The Lady of the Camellias CHAPTER III

On the sixteenth, at one o’clock, I presented myself at the rue d’Antin.

From the gate you could hear the cries of the auctioneers. The apartment was filled with curious onlookers.

All the notoriously elegant celebrities were there, being surreptitiously inspected by the fashionable ladies who once again were using the pretext of the sale to indulge their right to get a closer look at women with whom they would never have had occasion to mingle, and whose simple pleasures they perhaps secretly envied.

Mme la Duchesse de F . . . jostled with Mlle A . . . , one of the saddest specimens among our modern courtesans; Mme la Marquise de T . . . hesitated to buy a piece of furniture that was being bid upon by Mme D . . . , the most elegant and noted adulteress of our time; the Duc d’Y . . . , who leaves Madrid only to ruin himself in Paris, and leaves Paris only to ruin himself in Madrid, and who, with all his excesses, doesn’t even exhaust the principal on his income, chatted with Mme M . . . , one of our wittiest raconteurs, who when she feels like it, writes down what she says and signs her name to it, while exchanging confidential glances with Mme de N . . . , that lovely perambulator of the Champs-Élysées, who is almost always dressed in pink or blue and whose carriage is drawn by two giant black horses, which Tony had sold her for ten thousand francs and which sum she had paid him, in her way; and finally Mlle R . . . , who earned through sheer talent twice what society ladies fetched with their dowries and three times what other women brought in with their arts, had come, despite the cold, to make some purchases, and she was not the one who drew the least attention.

We could also give the initials of a number of people who were reunited in this living room and were astonished to find themselves thrown together; but we fear we might weary the reader.

Let us merely say that everyone was suffused with a mad gaiety, and that among those present, many had known the dead woman, and seemed not to remember that fact.

There was much hearty laughter; the auctioneers shouted at earsplitting volume; the salesmen who had invaded the benches in front of the selling tables tried in vain to quiet things down so they could conduct their business calmly. Never had a reunion been noisier or more varied.

I was gliding inobtrusively into the middle of this depressing tumult when I recalled that there was an area near the bedroom in which the poor creature had died where her furniture was being sold to pay off her debts. Having come more with the intention of looking than buying, I studied the faces of the auctioneers, whose expressions bloomed radiantly every time an object reached a price they had never dreamed possible.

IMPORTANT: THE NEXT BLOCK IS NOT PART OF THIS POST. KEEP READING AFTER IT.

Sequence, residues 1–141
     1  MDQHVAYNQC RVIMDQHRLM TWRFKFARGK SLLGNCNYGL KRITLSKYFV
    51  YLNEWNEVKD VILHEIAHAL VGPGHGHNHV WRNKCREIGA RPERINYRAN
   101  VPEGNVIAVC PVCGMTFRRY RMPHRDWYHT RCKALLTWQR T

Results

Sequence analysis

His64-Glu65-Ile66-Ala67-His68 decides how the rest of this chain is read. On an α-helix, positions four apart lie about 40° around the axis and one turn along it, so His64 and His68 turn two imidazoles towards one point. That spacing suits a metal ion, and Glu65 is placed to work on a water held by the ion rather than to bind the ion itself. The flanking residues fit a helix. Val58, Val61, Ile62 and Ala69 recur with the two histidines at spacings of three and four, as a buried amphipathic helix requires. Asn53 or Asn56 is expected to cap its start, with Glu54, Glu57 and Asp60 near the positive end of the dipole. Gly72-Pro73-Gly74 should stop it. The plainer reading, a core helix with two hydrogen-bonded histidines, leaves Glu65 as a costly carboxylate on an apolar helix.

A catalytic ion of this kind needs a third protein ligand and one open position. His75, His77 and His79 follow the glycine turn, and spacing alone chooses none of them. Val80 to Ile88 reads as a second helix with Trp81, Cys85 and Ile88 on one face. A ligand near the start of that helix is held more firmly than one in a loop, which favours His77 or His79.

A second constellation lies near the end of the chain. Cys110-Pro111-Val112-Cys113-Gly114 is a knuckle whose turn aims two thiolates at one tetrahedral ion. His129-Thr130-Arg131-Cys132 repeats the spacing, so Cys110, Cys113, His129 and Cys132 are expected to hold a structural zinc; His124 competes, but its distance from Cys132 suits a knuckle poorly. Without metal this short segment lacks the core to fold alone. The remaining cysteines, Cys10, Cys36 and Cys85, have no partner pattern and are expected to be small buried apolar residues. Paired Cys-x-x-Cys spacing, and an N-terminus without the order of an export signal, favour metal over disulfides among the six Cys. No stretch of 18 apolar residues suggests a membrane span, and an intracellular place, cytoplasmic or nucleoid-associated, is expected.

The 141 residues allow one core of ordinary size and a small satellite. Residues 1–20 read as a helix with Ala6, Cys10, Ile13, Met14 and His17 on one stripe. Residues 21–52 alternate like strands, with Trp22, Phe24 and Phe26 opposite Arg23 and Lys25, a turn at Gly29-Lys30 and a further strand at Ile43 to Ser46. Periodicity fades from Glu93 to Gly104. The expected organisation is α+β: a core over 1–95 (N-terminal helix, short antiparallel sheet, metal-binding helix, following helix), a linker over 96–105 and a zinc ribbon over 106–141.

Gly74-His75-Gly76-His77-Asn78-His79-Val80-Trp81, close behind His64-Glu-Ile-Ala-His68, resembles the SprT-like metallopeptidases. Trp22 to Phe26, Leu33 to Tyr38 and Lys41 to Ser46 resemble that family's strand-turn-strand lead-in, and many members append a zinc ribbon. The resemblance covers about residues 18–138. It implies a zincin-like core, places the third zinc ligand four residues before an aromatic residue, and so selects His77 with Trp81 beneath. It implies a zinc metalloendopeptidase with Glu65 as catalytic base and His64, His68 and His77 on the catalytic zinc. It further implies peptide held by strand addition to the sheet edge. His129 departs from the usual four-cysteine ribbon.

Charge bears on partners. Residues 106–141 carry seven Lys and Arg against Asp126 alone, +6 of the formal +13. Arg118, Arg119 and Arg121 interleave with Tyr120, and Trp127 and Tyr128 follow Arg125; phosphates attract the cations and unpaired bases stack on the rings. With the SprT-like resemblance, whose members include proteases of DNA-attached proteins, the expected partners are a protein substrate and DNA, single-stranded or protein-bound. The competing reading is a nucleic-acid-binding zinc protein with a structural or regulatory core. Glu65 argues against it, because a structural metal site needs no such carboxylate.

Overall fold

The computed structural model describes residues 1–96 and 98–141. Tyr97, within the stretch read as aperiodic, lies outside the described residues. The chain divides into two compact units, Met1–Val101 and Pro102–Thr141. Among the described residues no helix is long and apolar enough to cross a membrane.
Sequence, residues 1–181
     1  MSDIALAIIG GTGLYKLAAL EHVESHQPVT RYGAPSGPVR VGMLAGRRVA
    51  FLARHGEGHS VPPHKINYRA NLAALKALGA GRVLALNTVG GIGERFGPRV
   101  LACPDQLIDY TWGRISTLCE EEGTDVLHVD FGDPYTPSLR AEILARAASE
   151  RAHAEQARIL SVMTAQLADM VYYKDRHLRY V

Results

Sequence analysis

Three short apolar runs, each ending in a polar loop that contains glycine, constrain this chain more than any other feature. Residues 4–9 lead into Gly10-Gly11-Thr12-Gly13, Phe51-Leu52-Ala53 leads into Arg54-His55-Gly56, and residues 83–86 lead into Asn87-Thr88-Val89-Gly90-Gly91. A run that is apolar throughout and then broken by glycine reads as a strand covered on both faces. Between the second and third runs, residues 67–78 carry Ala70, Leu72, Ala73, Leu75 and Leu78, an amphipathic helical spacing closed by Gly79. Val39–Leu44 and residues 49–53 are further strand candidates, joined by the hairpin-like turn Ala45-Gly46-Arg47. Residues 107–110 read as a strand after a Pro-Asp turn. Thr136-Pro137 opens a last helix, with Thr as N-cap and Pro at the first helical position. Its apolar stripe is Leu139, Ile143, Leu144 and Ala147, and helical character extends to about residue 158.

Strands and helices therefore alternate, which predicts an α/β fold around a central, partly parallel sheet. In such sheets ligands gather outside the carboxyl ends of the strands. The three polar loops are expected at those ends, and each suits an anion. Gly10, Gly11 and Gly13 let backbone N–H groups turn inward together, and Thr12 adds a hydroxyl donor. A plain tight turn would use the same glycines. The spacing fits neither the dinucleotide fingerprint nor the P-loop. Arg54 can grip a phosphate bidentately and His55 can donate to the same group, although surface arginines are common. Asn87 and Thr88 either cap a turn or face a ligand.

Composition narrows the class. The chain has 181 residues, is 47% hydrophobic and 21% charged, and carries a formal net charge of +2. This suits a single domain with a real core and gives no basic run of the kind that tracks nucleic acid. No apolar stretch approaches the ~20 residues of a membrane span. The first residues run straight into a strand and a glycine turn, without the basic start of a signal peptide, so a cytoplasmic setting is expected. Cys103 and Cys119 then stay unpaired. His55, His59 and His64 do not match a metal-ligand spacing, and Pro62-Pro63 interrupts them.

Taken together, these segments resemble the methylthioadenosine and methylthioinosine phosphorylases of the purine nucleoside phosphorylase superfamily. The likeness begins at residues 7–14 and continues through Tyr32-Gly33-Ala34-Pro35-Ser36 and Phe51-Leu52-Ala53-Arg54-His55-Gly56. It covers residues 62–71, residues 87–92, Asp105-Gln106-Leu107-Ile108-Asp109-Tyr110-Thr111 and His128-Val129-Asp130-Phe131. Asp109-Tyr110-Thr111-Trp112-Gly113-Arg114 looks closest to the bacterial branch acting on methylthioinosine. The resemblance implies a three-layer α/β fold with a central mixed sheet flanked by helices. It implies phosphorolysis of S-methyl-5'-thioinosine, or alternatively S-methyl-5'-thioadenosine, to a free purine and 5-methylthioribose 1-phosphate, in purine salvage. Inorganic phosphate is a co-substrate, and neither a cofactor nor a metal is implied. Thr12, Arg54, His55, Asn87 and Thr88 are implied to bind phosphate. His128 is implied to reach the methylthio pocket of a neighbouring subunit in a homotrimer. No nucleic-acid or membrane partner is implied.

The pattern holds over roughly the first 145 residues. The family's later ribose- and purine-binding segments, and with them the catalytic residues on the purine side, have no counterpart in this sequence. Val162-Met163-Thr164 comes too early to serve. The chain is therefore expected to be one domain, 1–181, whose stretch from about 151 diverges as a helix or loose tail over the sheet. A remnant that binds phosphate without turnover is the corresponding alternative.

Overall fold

Honest people who had speculated on the prostitution of this woman, who had profited a hundred percent from her, who had followed the last moments of her life in gossip circulars, and who had come after her death to gather the fruits of their honorable calculations and at the same time to serve the interests of their shameful credit.

How right the ancients were who had the same god for merchants and for thieves!

Dresses, shawls, jewels sold with incredible speed. None of that held any interest for me, so I kept waiting.

Suddenly I heard the cry:

“One volume, perfect-bound, gilded on the spine, entitled: ‘Manon Lescaut.’ There’s something written on the first page. Ten francs.”

“Twelve,” said a voice after a rather long silence.

“Fifteen,” I said.

Why? I do not know. No doubt for this “something written.”

“Fifteen,” repeated the auctioneer.

“Thirty,” said the first bidder, in a tone that seemed to defy anyone to challenge him.

It became a battle.

“Thirty-five!” I shouted, in the same tone.




“A hundred.”

I swear that if my goal had been to cause a sensation, I would have completely succeeded, because with this bid a great silence took over, and everyone started looking at me to figure out who this fellow was who seemed so intent on acquiring this book.

Apparently the emphasis I put on my last word convinced my antagonist, and he abandoned this battle, which had served only to make me pay ten times what the volume was worth. Leaning toward me, he said to me quite graciously, if somewhat tardily, “I yield, sir.”

Nobody else having spoken, the book went to me.

Lest a new wave of stubbornness overtake me, which my pride might have enjoyed, but which my purse would have taken ill, I wrote down my name, had the book put to the side, and left. I must have given plenty to think about to the people who witnessed this scene, who undoubtedly asked themselves why on earth I had paid a hundred francs for a book I could have gotten anywhere for ten or fifteen francs at the most.

An hour later I sent for my purchase.

On the first page was written in ink, in an elegant script, a dedication to the recipient of the book. This dedication carried these sole words:



It was signed: Armand Duval.

What did this word mean: humility?

Would Manon recognize in Marguerite, in M. Armand Duval’s opinion, a superiority of vice, or of heart?

The latter interpretation seemed more likely, as the former would have been nothing but an insolent liberty that Marguerite could not have appreciated, whatever her opinion of herself.

I went out again and thought no more of the book until that night, as I was going to bed.